Healthy as a Horse: HIV since 1982
May 19, 2000
I was diagnosed with HIV in 1982. I refused to take medications until 1996. My T-Cell count never went under 500 and my Viral Load is unmeasurable. I do not do drugs nor smoke. I exercise and drink a couple of beers. I have never changed my diet. I'm 38 and weight 165. Unfortunately I see friends that get sick right after they get HIV. Why haven't I gotten sick? Does it have to with my body metabolism or am I just lucky?
Response from Dr. Cohen
Yes, you are lucky! There may be a little more to it than that, but your good fortune is not in doubt. Most likely, you were born with an immune system that can fight off HIV better than the average person, so HIV doesn't progress as quickly as it might in most.
On average, it takes about a decade from the time of infection with HIV to the development of AIDS. During this time, most people will have progressively lower T-cells and higher viral loads. It sounds like you are one of the lucky minority who have slower progression. However, this doesn't mean you would never have symptoms from HIV -- probably, it would just take longer. In an even smaller number of folks, progression may be even slower or not at all. Usually, they would never or rarely have measurable virus in their blood. Genetic factors seem to explain much of this, though we obviously don't know the whole story...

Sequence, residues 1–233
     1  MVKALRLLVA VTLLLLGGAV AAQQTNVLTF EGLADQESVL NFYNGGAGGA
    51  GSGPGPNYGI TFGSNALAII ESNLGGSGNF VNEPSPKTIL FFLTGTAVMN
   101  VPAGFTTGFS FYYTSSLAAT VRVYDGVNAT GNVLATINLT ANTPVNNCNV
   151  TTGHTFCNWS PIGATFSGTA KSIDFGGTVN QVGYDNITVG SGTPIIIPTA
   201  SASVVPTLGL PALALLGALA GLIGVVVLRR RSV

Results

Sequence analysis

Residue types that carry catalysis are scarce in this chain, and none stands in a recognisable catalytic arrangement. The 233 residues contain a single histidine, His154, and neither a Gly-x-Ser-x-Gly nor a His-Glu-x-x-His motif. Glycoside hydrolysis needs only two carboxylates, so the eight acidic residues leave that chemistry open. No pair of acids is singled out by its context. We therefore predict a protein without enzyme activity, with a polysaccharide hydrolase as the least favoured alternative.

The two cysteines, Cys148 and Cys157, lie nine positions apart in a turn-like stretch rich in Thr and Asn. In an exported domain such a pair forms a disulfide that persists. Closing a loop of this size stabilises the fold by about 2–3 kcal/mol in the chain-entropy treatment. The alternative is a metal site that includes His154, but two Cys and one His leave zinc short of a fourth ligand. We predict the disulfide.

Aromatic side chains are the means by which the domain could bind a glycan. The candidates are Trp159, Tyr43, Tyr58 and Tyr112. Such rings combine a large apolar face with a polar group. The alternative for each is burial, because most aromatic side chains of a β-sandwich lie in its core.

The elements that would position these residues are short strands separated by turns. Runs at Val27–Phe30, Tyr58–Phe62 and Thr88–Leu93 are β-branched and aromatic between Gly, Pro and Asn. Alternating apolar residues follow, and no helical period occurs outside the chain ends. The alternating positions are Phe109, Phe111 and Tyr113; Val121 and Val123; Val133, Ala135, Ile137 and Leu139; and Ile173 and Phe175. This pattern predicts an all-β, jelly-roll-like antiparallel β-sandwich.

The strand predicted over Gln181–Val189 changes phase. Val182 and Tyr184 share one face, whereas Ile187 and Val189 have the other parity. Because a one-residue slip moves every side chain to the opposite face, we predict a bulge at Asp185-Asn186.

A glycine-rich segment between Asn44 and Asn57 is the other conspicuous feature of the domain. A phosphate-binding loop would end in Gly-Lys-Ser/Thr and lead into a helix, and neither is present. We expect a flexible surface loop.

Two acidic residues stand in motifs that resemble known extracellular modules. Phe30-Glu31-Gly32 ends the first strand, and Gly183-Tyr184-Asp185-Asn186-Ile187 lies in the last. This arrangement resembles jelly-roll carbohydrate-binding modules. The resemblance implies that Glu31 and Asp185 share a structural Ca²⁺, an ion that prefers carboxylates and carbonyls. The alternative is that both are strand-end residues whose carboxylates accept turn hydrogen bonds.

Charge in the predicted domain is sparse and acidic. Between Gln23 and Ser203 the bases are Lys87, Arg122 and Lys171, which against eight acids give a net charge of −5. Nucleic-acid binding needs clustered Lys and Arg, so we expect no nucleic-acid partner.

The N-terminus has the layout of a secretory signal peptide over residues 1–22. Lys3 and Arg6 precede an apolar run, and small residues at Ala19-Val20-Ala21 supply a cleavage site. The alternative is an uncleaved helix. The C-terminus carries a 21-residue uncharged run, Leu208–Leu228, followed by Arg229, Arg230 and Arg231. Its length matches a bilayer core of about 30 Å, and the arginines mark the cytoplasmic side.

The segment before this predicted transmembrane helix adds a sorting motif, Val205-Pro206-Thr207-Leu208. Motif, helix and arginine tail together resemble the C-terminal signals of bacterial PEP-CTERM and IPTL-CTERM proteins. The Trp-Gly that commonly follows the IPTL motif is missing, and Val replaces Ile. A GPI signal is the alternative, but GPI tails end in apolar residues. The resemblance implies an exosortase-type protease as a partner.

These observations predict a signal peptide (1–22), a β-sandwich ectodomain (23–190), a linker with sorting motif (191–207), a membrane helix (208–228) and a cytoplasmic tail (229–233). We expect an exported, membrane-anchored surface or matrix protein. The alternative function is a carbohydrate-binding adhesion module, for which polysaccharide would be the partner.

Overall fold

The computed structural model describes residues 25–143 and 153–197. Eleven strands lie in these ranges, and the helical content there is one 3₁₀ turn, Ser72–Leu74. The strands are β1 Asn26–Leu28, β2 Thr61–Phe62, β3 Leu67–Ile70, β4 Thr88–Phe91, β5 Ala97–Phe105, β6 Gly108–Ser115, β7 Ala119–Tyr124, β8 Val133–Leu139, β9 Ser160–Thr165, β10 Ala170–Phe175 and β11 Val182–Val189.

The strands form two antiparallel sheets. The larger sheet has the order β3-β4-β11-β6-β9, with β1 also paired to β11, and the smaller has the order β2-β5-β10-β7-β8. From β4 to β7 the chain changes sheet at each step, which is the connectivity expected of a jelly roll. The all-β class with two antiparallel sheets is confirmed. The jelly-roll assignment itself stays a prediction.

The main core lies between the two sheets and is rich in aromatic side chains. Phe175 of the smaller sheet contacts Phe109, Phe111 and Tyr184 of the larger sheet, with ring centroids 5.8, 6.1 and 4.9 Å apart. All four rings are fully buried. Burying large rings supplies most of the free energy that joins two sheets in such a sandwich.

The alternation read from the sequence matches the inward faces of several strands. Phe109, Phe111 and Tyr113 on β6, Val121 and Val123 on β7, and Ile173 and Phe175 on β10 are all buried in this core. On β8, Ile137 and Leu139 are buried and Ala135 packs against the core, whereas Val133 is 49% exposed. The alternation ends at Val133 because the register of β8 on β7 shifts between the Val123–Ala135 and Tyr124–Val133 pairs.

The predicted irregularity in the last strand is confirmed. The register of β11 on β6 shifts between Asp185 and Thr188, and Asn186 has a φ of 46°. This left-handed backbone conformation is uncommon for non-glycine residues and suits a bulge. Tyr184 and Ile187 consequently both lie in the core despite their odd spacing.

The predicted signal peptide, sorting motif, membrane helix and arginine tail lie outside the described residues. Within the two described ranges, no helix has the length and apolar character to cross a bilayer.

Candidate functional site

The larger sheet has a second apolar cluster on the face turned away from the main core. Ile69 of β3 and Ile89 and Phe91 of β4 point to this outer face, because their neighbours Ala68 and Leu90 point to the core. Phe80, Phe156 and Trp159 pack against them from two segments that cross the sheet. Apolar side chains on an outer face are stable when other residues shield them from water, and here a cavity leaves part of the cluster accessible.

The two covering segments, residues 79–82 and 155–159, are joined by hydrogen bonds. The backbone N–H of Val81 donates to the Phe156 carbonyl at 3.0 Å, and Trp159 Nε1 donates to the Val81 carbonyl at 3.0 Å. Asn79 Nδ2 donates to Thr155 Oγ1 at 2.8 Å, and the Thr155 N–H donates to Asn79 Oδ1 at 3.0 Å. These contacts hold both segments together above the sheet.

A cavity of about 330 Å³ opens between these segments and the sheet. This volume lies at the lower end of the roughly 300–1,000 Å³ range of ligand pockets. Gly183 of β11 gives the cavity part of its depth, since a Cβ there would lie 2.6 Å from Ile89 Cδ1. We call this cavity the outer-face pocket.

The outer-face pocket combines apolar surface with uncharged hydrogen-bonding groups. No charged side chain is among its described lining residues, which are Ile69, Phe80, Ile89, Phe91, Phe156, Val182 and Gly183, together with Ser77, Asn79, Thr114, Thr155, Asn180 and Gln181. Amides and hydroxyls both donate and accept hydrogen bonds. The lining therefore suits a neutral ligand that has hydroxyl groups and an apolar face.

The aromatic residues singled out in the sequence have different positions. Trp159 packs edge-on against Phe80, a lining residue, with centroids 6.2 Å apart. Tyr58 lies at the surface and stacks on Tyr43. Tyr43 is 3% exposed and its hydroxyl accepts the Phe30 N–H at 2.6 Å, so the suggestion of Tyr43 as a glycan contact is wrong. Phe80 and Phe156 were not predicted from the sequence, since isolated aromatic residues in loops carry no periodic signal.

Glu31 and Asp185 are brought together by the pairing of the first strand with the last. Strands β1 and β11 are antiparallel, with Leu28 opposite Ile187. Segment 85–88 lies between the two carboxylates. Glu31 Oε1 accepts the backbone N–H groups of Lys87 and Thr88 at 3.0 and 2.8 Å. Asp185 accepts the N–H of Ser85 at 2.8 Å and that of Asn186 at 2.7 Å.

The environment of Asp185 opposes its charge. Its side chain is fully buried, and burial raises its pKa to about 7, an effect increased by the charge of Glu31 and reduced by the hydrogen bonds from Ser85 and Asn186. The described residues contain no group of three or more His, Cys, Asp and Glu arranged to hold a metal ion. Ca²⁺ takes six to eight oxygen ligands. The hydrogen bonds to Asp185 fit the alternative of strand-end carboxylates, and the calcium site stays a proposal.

You don't say if your viral load was ever detectable before you started meds, but I'm guessing it was. Maybe this is why you decided to start therapy in 1996. Now that you are on therapy, it is important to stick with it. Best of luck!
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